SpaceX to launch AMSAT-EA EASAT-2 and Hades satellites

AMSAT-EA Hades PocketQube

AMSAT-EA Hades PocketQube

Spain’s national amateur radio society URE says SpaceX expect to launch the EASAT-2 and Hades satellites in December 2020.

AMSAT-EA, the URE satellite group, is building the satellites together with the European University of Madrid. The launch has been managed through the space broker Alba Orbital based in Glasgow.

EASAT-2 and Hades will be launched into a sun-synchronous orbit between 500 km and 600 km and their main function is to act as analog and digital repeaters for radio amateurs. There is also a camera for SSTV transmissions provided by the Czech Republic that has already flown on the United States Marine Academy PSAT-2 satellite, and has now been adapted to fit into the PocketQube satellites.

Both satellites are based on the PocketQube 1.5P (7.5 x 5 x 5 cm) architecture and represent an evolution of the previous GENESIS platform, whose GENESIS-L and GENESIS-N satellites are expected to fly before the end of the year with Firefly, in a joint collaboration with Fossa Systems and LibreSpace, which also launch their own satellites, all of them within the Picobus dispenser, developed by the latter.

IARU has coordinated these frequencies:
• Hades – uplink 145.925 MHz, downlink 436.888 MHz 
• EASAT-2 – uplink 145.875 MHz, downlink 436.666 MHz

IARU Satellite Frequency Coordination pages

Source URE

1240-1300 MHz discussed at CEPT SE 40 meeting

CEPT LogoThe 69th meeting of CEPT ECC Working Group SE-40, held June 23-25, discussed the amateur radio 1240-1300 MHz band, the meeting documents are now available.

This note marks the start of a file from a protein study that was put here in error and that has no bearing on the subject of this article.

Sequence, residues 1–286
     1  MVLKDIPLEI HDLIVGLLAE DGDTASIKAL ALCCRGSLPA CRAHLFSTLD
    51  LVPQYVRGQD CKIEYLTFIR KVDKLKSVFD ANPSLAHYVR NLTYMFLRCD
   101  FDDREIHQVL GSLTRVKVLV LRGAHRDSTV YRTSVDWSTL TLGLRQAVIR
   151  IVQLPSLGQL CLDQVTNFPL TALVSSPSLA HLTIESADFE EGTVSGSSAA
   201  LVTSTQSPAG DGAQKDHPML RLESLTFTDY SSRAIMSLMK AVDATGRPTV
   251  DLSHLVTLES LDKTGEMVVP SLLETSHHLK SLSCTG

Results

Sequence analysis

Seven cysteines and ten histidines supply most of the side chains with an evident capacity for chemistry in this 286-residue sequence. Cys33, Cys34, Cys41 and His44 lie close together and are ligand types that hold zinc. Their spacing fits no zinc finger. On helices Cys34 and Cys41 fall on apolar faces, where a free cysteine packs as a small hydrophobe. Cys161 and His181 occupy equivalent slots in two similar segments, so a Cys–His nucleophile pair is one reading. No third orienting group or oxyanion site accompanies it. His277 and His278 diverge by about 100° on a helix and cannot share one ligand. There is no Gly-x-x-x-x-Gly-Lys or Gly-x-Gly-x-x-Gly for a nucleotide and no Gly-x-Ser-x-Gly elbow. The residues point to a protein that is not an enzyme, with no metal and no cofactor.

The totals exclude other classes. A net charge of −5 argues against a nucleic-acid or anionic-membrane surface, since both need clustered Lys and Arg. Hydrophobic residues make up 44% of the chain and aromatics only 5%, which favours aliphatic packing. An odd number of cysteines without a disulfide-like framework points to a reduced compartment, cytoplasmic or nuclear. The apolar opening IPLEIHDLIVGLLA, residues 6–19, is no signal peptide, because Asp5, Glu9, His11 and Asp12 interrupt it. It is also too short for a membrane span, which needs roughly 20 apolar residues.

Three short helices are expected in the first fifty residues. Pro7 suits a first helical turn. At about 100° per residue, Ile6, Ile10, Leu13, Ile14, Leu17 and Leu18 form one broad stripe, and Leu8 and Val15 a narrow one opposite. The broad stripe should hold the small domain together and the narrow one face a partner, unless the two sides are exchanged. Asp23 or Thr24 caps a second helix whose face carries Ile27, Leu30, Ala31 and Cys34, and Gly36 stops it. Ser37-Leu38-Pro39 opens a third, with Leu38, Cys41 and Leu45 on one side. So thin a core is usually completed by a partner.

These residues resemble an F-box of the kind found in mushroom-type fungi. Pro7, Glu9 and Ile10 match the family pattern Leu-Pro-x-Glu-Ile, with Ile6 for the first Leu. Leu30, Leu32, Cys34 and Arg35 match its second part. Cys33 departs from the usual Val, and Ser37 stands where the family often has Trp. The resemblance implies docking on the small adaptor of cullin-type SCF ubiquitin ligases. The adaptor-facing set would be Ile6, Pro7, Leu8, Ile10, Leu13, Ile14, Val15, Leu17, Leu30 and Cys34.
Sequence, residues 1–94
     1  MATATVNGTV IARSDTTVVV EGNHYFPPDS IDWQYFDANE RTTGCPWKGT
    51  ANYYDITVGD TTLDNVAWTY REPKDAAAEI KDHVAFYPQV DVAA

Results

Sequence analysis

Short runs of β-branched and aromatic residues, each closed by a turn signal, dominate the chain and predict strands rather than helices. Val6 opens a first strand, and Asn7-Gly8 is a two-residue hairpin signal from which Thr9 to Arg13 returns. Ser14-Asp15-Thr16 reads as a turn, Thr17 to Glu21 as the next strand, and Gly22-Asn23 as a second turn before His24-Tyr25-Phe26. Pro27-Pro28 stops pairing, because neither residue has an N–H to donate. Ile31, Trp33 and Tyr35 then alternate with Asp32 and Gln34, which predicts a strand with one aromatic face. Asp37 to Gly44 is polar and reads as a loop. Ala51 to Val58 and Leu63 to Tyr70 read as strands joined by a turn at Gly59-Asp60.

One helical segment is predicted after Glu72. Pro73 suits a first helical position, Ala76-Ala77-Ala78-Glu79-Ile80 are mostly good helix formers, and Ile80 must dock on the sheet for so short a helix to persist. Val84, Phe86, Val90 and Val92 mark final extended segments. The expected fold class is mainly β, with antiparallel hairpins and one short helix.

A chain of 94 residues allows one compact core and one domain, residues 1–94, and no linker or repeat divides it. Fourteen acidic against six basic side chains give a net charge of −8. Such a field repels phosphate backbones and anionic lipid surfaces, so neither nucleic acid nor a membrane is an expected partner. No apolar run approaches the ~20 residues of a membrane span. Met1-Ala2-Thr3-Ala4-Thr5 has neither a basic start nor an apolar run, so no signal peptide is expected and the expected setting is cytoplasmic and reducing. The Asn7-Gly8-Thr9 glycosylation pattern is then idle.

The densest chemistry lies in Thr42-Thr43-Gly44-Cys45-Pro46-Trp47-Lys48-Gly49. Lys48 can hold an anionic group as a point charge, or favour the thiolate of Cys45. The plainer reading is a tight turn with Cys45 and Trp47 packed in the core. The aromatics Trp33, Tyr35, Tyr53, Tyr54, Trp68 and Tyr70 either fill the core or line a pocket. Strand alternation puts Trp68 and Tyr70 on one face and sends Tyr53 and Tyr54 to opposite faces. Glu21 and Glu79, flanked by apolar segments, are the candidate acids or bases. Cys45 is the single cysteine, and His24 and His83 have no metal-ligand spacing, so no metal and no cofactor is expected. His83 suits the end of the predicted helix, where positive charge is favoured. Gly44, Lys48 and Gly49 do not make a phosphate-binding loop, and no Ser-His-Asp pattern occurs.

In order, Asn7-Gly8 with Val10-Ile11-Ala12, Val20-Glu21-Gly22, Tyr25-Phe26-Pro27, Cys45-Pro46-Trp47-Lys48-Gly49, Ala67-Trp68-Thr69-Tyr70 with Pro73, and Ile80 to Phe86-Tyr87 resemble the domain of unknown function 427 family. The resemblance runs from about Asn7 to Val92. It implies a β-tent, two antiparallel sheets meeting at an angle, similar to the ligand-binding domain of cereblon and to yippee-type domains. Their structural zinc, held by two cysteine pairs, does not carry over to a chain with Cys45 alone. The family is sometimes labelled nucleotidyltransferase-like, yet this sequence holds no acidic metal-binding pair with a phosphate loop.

Several contributions were received for the ECC Report dealing with the coexistence between the radionavigation-satellite service and the amateur service in the frequency band 1240 – 1300 MHz. The contributions were incorporated in the draft ECC Report. The CPG arrangements for the preparation of WRC-23 for AI 9.1 topic b) was noted.

The Russian Federation noted:
1240-1260 MHz is by the GLONASS system
1260-1300 MHz are used by EU’s Galileo, Beijing’s Beidou, Japan’s QZSS and is planned to be used by Korea’s KPS.

Among the documents available in Input, Info and Minutes are:
• SE40(20)052 Amateur Repeaters – IARU-R1
• SE40(20)051 Section 2 update WI_39 – IARU-R1
• SE40(20)050 Annex Draft report RNSS Amateur – Russian Federation
• SE40(20)049 Suggestions for RNSS and Amateur Service Compatibility – Russian Federation
• Info 1 Amateur repeaters 23 cm – IARU-R1
• Info 3 Letter to SE40 chairman on updated of ITU-R M.1092 – European Commission
• Minutes
• SE40(20)56A3 (1) Draft Report Amateur vs RNSS

Download the meeting documents from

LunART- Lunar Amateur Radio Transponder


The European Space Agency (ESA) website has published a proposal by radio amateurs from AMSAT-DL for LunART (Lunar Amateur Radio Transponder): a Communications Platform on the Large European Lander to support communication and payload experiments.